by Tom Boltz
The American Legion (local post #539) honors the American Military veterans buried in North Baltimore’s Maplewood every Memorial Day by placing an American flag on their gravesides.
This practice began in the late 19th Century when The Grand Army of the Republic, a Union military veterans’ organization, began commemorating the service of all of their fallen comrades on what was then called Decoration Day. After WW I, the practice was broadened to cover all American military veterans and the name was changed to Memorial Day.
The original Decoration Day was important to the citizens of North Baltimore. During the Civil War (1861-65), thirty men from Henry Township joined the Union Army. Of those who served, nine died in service: one was killed in action; two perished in the Confederate prison in Andersonville, Georgia; and six died of disease. Among the others, three survived being prisoners of war, at least four were wounded in action and several were discharged for disability from wounds or disease, for a total casualty rate of over sixty percent. Later, many of these Civil War veterans and their families became citizens of North Baltimore when it was incorporated in 1876. Many other Union Army veterans moved to the community in the late 19th Century and are also buried in Maplewood.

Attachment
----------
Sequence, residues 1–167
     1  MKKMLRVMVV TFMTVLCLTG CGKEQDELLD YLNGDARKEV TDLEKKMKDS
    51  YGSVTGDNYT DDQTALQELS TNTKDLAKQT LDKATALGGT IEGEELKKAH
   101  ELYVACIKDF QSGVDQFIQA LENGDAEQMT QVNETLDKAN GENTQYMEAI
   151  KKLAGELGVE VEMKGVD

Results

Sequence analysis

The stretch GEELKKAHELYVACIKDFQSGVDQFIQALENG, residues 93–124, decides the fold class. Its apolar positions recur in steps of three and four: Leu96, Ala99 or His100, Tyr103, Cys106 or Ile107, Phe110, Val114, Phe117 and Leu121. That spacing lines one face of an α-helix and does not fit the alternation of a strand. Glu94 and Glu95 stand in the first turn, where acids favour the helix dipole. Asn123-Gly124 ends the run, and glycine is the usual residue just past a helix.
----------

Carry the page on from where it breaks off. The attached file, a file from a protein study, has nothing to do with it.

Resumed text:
In 1881, Union veterans residing in North Baltimore founded Sill Post #57 of the Grand Army of the Republic, a Union military veterans’ organization.
Anyone wishing to know more about our area’s role in the Civil War can purchase a copy of Tom Boltz’s pamphlet Black Swamp Soldiers: Henry Township Men In The Civil War at the North Baltimore Historical Center.